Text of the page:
South Africa is in many ways a very different country to that envisaged by political activists of the 1970s.
For one, the equitable society they anticipated would replace apartheid remains a chimera.
I might be quite wrong but it seems to me too that the Labor party, traditionally the secure home of the working class, has also failed their ‘bad, white working class.’ As a movement Labor was unable to predict the fallout from a rapidly changing workforce and now finds its former adherents drifting to small right-wing parties with quick-fix solutions but no real answers in a rapidly-changing society.
I wonder if the drift to right-wing movements will continue if the major parties don’t face the big issues.
Instead, a process has taken place that political geographer Gillian Hart calls the “denationalisation” and “renationlisation” of the economy under the African National Congress (ANC).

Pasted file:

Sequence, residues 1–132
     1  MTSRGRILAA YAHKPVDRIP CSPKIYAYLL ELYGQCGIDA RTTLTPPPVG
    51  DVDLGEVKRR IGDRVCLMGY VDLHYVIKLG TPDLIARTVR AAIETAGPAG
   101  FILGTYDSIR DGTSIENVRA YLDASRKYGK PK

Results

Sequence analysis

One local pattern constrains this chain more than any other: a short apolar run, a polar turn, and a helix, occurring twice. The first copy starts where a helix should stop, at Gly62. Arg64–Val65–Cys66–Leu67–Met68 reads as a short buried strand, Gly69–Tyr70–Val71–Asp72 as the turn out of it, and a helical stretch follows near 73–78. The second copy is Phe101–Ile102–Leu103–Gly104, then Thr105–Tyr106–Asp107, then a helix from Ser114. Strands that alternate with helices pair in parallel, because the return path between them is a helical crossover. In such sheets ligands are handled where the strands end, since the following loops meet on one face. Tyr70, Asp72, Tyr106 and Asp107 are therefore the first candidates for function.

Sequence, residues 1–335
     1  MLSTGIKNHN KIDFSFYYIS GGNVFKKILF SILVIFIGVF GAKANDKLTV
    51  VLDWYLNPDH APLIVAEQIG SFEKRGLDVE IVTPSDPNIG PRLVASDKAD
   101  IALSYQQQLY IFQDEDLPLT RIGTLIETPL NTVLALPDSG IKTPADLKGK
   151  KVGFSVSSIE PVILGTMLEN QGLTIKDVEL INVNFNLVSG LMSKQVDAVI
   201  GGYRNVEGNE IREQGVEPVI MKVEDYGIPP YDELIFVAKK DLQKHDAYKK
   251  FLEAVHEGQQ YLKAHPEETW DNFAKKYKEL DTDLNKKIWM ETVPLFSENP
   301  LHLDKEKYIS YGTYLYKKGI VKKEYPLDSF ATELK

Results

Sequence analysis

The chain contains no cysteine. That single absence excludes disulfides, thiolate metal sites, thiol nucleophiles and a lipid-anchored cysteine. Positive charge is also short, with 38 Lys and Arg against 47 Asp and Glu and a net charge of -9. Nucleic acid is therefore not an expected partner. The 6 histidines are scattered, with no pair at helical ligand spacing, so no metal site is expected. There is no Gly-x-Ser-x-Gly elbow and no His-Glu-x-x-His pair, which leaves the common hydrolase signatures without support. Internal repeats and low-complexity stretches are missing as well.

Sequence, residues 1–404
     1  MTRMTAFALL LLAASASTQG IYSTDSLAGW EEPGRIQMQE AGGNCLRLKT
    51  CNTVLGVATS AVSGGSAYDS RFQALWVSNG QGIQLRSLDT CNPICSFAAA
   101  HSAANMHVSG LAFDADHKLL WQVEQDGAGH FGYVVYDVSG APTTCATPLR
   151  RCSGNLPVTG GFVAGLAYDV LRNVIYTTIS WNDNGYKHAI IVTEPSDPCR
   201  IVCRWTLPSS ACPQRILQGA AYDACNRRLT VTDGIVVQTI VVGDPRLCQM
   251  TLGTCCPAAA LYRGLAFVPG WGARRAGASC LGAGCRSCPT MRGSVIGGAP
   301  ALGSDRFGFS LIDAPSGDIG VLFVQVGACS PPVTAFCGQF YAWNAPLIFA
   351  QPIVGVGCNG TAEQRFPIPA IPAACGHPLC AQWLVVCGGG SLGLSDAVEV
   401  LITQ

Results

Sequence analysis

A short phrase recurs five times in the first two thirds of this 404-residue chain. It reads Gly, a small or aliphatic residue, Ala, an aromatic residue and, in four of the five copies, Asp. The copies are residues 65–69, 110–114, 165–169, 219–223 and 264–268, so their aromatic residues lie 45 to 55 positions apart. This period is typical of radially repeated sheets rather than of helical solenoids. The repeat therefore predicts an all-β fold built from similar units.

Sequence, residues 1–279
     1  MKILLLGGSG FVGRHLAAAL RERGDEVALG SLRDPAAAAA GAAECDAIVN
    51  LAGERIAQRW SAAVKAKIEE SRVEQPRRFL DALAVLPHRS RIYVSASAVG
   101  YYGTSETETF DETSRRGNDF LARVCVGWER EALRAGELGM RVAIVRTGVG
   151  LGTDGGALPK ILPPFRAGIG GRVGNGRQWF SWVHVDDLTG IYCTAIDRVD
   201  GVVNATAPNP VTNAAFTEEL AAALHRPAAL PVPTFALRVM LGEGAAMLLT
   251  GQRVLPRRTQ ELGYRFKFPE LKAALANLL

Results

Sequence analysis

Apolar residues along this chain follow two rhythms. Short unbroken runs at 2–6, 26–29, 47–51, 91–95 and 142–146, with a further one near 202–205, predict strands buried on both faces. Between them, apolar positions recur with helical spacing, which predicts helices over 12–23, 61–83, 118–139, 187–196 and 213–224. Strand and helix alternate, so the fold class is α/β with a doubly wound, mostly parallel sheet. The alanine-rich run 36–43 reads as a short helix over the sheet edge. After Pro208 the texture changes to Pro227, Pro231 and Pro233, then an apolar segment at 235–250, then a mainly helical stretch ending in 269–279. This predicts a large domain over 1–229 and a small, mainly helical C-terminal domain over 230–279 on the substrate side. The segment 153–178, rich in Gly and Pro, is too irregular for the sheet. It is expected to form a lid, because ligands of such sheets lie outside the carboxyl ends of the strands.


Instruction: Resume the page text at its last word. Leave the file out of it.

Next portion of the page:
As one abiding achievement of that decade – the trade union movement – begins to splinter, it is important to revisit the 1970s and engage critically with both its mistakes and achievements.
We’ve failed somehow to make it clear that these minority groups want equality, not domination.
The real ‘enemies’ of the working are the professional political and industrial classes that have sold out on the under-skilled and underemployed and failed to include them in a changing society.
If you scratch the surface I am indeed a liberal latte-sipping, bleeding heart – with security.
I too have failed to notice that a whole class was being left behind.